Effects of Dimethyl Disulfide Cosolvent on LiS Battery Chemistry and Performance Academic Article uri icon

abstract

  • 2019 American Chemical Society. Lithium-sulfur battery's (LISB) performance is still held back by undesirable side reactions. One of these side reactions is known as the polysulfide shuttle effect which is a consequence of soluble sulfur reduction products, polysulfides. Polysulfide migration induces other side reactions at the anode surface. In addition, slow kinetics of the main discharge products induces large overpotentials during charge. Researchers have been searching for ways to counteract these effects through many different strategies. One such strategy that could mitigate part of these problems is to use novel electrolytes that contain sulfur that can modify battery chemistry while providing additional energy capacity. Sulfur-containing electrolytes such as dimethyl disulfide (DMDS) have shown increased performance, but the mechanisms are not known. First-principles computational chemistry simulations are used to determine different aspects of battery performance to ascertain why this additive helps. We found that DMDS modifies the reduction pathway that leads to a different final product, LiSCH 3 , than a traditional LISB, and this product is more soluble in the electrolyte, which could facilitate the charge reaction. DMDS favorably reacts with S 8 to form dimethyl polysulfides in agreement with experimental results. The new final reduction products are electronically insulating, but they are more soluble and therefore more reversible than the traditional end product, Li 2 S, which would increase the battery performance. The results indicate that DMDS will change the sulfur battery chemistry for the better in some ways and similar in others which provide fundamental insight into the experimental evidence. In addition, we provide a schematic for screening novel electrolytes for the LISB.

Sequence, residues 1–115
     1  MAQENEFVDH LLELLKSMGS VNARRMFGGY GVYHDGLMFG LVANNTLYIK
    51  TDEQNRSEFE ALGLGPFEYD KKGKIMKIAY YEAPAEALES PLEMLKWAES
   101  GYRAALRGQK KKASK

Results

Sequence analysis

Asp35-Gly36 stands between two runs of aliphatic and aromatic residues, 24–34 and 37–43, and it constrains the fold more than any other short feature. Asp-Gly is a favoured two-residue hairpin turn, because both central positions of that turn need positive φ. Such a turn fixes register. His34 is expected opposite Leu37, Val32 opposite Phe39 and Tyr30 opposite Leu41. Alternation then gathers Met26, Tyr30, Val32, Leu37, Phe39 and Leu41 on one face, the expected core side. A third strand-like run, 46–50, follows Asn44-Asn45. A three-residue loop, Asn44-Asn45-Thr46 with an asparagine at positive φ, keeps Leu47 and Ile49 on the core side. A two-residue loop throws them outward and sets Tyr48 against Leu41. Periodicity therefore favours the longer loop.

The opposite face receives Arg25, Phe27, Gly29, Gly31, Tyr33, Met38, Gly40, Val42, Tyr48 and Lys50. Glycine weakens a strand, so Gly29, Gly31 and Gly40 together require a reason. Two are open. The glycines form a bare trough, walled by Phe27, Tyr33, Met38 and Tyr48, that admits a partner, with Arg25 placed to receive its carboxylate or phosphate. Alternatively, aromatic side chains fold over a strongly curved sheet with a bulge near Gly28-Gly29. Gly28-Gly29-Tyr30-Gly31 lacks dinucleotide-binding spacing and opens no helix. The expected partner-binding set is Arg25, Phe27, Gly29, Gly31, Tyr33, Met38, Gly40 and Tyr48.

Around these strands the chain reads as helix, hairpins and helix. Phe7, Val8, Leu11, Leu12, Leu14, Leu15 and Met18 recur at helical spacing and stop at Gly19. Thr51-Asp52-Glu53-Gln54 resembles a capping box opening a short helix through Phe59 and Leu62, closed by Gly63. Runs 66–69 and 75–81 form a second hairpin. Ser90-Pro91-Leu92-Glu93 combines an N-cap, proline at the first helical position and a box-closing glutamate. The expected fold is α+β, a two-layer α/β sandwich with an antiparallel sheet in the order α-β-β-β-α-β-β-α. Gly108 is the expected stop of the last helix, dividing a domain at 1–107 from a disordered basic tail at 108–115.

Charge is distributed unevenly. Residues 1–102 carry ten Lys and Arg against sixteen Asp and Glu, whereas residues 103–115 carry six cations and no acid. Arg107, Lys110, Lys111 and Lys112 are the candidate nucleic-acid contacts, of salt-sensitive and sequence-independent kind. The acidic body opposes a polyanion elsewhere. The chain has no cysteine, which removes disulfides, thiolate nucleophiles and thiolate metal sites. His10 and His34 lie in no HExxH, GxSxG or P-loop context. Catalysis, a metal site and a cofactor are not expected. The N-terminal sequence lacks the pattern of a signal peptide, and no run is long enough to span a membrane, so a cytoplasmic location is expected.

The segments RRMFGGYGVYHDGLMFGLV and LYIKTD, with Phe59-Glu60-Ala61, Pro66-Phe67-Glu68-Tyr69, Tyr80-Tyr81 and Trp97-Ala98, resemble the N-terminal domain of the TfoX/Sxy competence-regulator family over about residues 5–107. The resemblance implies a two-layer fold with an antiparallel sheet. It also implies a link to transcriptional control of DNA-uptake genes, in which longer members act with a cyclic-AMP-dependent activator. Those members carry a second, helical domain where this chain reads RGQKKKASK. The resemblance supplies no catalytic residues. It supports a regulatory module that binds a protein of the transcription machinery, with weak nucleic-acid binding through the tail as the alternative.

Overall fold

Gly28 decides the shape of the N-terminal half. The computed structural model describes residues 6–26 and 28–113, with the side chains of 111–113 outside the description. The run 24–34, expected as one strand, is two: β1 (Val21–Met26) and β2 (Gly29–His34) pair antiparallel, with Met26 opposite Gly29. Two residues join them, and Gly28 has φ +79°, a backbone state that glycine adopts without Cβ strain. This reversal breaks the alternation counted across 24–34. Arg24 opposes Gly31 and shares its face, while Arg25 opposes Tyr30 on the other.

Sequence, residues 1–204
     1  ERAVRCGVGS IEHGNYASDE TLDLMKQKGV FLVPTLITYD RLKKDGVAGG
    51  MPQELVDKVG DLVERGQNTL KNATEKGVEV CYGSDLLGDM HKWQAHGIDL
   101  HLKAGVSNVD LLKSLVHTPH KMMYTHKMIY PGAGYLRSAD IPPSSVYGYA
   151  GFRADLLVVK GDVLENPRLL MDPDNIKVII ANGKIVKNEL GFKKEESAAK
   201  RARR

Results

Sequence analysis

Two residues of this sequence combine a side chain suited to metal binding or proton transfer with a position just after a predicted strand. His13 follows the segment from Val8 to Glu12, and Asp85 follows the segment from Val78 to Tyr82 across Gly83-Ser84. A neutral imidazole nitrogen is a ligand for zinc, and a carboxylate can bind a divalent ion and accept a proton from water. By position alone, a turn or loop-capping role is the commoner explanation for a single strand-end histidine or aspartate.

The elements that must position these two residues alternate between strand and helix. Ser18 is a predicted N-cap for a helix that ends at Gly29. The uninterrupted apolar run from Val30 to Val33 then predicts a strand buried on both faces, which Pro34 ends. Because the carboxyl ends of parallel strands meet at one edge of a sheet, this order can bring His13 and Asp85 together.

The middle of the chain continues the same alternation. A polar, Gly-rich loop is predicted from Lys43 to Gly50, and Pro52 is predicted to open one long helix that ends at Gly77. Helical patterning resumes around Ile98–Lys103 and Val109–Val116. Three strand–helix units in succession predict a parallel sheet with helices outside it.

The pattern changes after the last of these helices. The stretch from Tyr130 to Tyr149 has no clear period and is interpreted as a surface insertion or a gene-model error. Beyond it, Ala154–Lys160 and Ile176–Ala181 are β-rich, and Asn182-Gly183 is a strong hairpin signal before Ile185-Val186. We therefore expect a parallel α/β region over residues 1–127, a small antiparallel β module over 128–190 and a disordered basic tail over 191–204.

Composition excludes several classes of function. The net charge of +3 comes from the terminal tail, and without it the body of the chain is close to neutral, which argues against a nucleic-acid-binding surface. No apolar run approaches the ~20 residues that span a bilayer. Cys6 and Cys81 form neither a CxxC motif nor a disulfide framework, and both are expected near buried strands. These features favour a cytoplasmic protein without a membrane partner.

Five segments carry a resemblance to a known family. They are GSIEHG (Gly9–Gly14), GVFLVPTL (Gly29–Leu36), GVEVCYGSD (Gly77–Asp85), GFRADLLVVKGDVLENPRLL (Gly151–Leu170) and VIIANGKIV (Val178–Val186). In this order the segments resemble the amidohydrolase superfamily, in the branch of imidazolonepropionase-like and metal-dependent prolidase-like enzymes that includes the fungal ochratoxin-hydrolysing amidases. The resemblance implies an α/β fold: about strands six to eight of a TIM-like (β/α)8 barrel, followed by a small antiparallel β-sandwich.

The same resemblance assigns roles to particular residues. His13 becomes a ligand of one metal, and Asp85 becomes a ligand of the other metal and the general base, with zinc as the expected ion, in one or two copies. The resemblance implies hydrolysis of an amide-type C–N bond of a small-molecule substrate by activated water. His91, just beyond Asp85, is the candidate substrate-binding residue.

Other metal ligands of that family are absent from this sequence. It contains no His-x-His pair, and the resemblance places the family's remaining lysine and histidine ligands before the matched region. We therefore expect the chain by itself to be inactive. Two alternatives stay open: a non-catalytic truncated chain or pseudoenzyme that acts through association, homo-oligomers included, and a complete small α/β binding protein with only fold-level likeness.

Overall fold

published proceedings

  • Chemistry of Materials

author list (cited authors)

  • Kamphaus, E. P., & Balbuena, P. B.

publication date

  • January 1, 2019 11:11 AM